The legal arguments have become pretty well set since LVMH said last month that it planned to walk away from the $16.2 billion acquisition of the brand, but in its latest court filing — a response to LVMH’s countersuit in Delaware Chancery Court — Tiffany starts at the top with Arnault.
“Bernard Arnault, the chairman and chief executive officer of defendant LVMH Moët Hennessy Louis Vuitton… personally signed the merger agreement obligating LVMH to pay $135 per share to acquire Tiffany,” the jeweler said in the court filing late Tuesday afternoon. “When the deal was announced, Mr. Arnault called Tiffany a ‘jewel’ and said that he looked forward ‘to ensuring that Tiffany continues to thrive for centuries to come.’
“But Mr. Arnault did not amass a personal fortune estimated at $77 billion, if not more, and earn a reputation for a ‘ruthless approach to acquisitions’ without a willingness to use every means and opportunity at his disposal to ensure that LVMH pays the lowest possible price for the assets he desires,” Tiffany said.
A spokesman for LVMH said, “We look forward to the opportunity to lay out the facts in the trial early next year and are confident we will prevail.”
Tiffany argues that once the pandemic hit, LVMH “pivoted to a new corporate strategy regarding its acquisition of Tiffany” to “explore every available avenue to evade LVMH’s contractual obligations and attempt to pressure Tiffany to agree to a price cut.”
The jeweler also pointed to reports that LVMH “went so far as to use Mr. Arnault’s vast political influence in France as that country’s wealthiest individual to solicit and enlist the French government’s assistance in LVMH’s efforts to escape its contractual obligations and secure a price cut.”
When LVMH moved to drop the deal, it pointed first to a letter from the French government that, it has argued, required it to defer the deal in light of a trade spat with the administration of President Donald Trump.
That justification later seemed to be deemphasized as LVMH turned to other points, suggesting Tiffany was mismanaged during the pandemic, that the firm unreasonably paid dividends to its shareholders even as its business suffered and that its performance triggered a key clause in the contract that scuttles the deal.
Tiffany noted how the request from the French government receded from the limelight.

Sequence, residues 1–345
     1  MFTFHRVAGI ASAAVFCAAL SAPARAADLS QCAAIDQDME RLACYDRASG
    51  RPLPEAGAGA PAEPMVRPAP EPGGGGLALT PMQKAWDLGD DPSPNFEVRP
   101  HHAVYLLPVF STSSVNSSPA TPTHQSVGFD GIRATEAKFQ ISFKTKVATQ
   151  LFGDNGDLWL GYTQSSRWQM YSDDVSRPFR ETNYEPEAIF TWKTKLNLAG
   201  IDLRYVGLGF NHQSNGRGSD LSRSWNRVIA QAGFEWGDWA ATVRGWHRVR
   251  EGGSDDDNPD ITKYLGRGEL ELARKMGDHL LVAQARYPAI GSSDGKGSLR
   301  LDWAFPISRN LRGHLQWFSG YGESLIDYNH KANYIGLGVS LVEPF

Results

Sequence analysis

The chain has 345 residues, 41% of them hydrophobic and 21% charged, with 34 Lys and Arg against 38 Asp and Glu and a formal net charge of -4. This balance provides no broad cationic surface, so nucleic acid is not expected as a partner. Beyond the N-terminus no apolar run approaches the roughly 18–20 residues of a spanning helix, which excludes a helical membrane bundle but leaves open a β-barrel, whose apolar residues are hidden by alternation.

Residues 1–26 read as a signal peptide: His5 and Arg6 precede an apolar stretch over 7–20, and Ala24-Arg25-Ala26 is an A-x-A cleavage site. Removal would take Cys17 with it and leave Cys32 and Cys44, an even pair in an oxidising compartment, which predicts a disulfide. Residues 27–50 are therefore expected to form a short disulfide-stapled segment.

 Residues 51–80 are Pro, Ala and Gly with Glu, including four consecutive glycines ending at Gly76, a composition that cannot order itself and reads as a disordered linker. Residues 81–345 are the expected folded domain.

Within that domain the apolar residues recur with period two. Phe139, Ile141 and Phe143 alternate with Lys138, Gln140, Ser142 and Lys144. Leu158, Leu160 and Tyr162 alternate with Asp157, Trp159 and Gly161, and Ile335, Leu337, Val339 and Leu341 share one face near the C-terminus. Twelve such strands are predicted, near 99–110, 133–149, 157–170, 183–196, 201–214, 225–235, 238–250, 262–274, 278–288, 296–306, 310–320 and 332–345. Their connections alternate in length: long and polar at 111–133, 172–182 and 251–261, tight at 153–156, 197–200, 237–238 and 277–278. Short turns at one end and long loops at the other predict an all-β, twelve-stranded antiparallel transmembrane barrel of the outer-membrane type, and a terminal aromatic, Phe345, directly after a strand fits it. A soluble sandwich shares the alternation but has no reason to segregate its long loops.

“If LVMH had any confidence in this argument [regarding the French government’s request], it would not have relegated it to the back end of its counterclaim (pages 69-79),” Tiffany noted. “LVMH’s apparent lack of confidence in this argument is understandable — it is meritless.”
While much of the case falls along familiar legal lines, the request from the French government offers a little something more, including political intrigue, a letter only LVMH has seen in its original French and suggestions of influence.
“On Sept. 8, 2020, LVMH’s [managing director] Antonio Belloni simply told Tiffany’s [chairman] Roger Farah that LVMH cannot give Tiffany the original letter because ‘it is confidential,’” Tiffany said. “LVMH also failed to provide the European Commission case team responsible for reviewing the transaction with a copy of the original letter in response to a direct request from the case team. Likewise, LVMH elected not to provide this court with a copy of the ‘Legal Restraint’ on which LVMH rests its claim. In each of these instances, LVMH has been willing to part with only its own English translation of the letter. LVMH apparently believes that it can be relieved of its contractual obligation to close a $16.2 billion transaction based on a mysterious letter that it can maintain in secrecy. That is not how the courts in this country work.”
The legal filing notes that French Foreign Minister Jean-Yves Le Drian was quoted as saying that with the letter, “I answered a question from the LVMH Group.”
Tiffany noted, “LVMH’s solicitation of a letter from the French government to be employed as a means to walk away from LVMH’s contractual obligations was a flagrant breach of the merger agreement. So, too, were Bernard Arnault’s admitted meeting with the French foreign minister to discuss the letter without advising Tiffany beforehand and LVMH’s admitted failure to lift a finger to seek the retraction of the French foreign minister’s request.”
The letter is just one of many points that are likely to be pored over in court.
If that trial does go ahead as scheduled in early January, expect more fireworks considering how intense the back-and-forth has already been so far.
LVMH argued in its suit last month: “Tiffany’s management and board make these baseless allegations to try to resurrect the transaction: they all stand to profit far more if it proceeds than if Tiffany goes forward as a stand-alone company in its wounded state. Tiffany’s ceo, Alessandro Bogliolo, alone stands to receive a change of control payout in excess of $44 million. His golden parachute is equivalent to Tiffany’s losses in the first half of 2020. Tiffany’s top five executives are in line to receive approximately $100 million collectively. On a stand-alone basis, Tiffany’s executives would never earn compensation like this and now, going forward, will instead have to face harsh realities and the shell of Tiffany’s former business.”